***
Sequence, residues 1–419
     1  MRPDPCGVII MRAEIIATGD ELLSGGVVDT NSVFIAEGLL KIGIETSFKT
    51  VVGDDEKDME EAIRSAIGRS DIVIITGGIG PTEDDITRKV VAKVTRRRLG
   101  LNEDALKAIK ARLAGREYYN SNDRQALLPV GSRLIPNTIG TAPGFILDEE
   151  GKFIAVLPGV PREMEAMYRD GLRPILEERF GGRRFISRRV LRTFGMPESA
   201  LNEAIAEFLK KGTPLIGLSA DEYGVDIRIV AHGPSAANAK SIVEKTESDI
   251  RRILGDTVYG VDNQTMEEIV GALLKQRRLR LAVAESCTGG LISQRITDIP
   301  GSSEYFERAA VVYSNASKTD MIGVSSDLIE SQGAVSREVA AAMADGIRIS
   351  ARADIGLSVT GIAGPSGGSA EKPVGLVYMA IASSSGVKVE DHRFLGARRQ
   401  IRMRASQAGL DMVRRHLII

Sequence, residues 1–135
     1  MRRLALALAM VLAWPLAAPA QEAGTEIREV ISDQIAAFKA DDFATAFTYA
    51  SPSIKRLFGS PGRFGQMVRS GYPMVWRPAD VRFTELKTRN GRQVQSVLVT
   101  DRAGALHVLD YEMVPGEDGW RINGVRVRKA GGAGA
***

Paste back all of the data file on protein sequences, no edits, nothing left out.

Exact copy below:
Sequence, residues 1–419
     1  MRPDPCGVII MRAEIIATGD ELLSGGVVDT NSVFIAEGLL KIGIETSFKT
    51  VVGDDEKDME EAIRSAIGRS DIVIITGGIG PTEDDITRKV VAKVTRRRLG
   101  LNEDALKAIK ARLAGREYYN SNDRQALLPV GSRLIPNTIG TAPGFILDEE
   151  GKFIAVLPGV PREMEAMYRD GLRPILEERF GGRRFISRRV LRTFGMPESA
   201  LNEAIAEFLK KGTPLIGLSA DEYGVDIRIV AHGPSAANAK SIVEKTESDI
   251  RRILGDTVYG VDNQTMEEIV GALLKQRRLR LAVAESCTGG LISQRITDIP
   301  GSSEYFERAA VVYSNASKTD MIGVSSDLIE SQGAVSREVA AAMADGIRIS
   351  ARADIGLSVT GIAGPSGGSA EKPVGLVYMA IASSSGVKVE DHRFLGARRQ
   401  IRMRASQAGL DMVRRHLII

Sequence, residues 1–135
     1  MRRLALALAM VLAWPLAAPA QEAGTEIREV ISDQIAAFKA DDFATAFTYA
    51  SPSIKRLFGS PGRFGQMVRS GYPMVWRPAD VRFTELKTRN GRQVQSVLVT
   101  DRAGALHVLD YEMVPGEDGW RINGVRVRKA GGAGA